Onondaga County, New York
CNYREALTOR.COM | #1 in Syracuse real estate and homes for sale. Search over 6,000 listings.
Central New York Jobs
New York schools - NY elementary, middle and high school information
https://www.nystart.gov/publicweb/Home.do?year=2008 (broken link)

Also, if you want culture, there's an opera, symphony and playhouse. There's cultural festivals throughout the summer and fall as well.

Here's some more communities you might like in Upstate NY:
http://cityofhudson.org/content (small city)
http://www.cooperstownny.org/default.php (broken link)
http://www.victorny.org/ (has a village)

Last edited by ckhthankgod; 12-18-2009 at 06:24 PM..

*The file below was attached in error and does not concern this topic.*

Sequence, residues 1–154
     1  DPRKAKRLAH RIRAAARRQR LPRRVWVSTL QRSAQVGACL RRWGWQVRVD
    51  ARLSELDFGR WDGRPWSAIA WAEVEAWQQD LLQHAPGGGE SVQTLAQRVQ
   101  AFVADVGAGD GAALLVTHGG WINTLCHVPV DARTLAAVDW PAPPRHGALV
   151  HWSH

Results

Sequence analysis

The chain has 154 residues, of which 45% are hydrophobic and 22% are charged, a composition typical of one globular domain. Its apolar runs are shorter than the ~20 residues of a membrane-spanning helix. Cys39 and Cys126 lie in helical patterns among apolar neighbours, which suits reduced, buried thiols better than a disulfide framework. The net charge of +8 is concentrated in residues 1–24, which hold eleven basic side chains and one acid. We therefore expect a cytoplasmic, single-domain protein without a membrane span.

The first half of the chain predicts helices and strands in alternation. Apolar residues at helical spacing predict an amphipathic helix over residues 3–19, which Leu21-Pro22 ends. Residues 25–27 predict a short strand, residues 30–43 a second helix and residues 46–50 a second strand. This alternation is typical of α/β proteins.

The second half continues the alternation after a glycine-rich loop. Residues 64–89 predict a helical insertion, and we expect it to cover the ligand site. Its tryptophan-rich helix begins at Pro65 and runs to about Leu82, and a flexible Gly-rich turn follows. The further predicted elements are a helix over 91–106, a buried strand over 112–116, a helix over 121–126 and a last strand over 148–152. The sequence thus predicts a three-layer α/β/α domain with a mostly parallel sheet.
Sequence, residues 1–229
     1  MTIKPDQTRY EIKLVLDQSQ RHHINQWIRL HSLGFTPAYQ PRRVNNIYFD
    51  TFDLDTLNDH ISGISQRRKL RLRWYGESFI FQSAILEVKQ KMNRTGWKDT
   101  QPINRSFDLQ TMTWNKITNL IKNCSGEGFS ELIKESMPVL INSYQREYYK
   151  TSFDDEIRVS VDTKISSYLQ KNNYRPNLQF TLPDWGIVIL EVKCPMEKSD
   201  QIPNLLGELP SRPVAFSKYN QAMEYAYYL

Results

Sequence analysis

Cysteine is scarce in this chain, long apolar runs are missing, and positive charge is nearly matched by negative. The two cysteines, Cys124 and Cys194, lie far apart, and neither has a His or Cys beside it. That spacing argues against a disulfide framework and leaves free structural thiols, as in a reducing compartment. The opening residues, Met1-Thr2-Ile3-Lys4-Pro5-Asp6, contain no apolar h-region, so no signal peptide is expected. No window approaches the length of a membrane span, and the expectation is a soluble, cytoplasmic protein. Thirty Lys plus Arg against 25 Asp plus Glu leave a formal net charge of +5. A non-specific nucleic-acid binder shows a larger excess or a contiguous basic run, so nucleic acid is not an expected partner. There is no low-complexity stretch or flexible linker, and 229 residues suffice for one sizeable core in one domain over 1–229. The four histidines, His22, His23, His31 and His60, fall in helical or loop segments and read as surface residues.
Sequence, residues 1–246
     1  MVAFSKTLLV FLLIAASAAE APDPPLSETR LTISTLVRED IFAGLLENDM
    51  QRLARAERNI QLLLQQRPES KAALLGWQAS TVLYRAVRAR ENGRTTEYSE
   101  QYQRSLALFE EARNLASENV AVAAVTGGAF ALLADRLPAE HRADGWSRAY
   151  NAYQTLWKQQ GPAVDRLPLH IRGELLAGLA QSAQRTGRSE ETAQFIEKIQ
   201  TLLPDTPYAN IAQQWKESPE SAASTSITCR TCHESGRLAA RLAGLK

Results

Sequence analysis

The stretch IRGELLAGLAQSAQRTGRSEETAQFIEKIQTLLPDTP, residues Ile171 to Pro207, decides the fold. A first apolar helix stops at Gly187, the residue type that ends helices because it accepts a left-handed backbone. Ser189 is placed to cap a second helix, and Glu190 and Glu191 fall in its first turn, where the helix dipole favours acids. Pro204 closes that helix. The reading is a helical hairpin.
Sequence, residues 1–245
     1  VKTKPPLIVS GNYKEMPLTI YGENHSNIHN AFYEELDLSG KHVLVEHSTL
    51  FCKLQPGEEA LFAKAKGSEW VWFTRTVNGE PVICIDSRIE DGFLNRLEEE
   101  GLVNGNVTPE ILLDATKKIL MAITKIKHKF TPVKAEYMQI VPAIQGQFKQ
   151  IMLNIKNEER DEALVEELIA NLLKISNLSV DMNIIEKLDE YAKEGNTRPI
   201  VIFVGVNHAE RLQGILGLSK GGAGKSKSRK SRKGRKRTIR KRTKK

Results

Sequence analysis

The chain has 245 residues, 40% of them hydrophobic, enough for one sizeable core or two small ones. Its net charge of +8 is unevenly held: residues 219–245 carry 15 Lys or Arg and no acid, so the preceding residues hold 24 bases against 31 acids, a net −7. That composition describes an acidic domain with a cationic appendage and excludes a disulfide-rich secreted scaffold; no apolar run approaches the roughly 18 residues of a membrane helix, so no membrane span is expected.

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Old 12-18-2009, 08:21 PM
510 posts, read 1,586,615 times
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Wow, I already am confused! Upstate NY sounds cold and I hear a lot about the lake effects? Maybe making it colder than Southern NH. Also I am not sure if the economy is good but I will look at them and thank you.
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Old 12-18-2009, 09:04 PM
Location: New Hampshire
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The only area that I have extensive personal experience with is southern NH, so I can at least offer my two cents on that.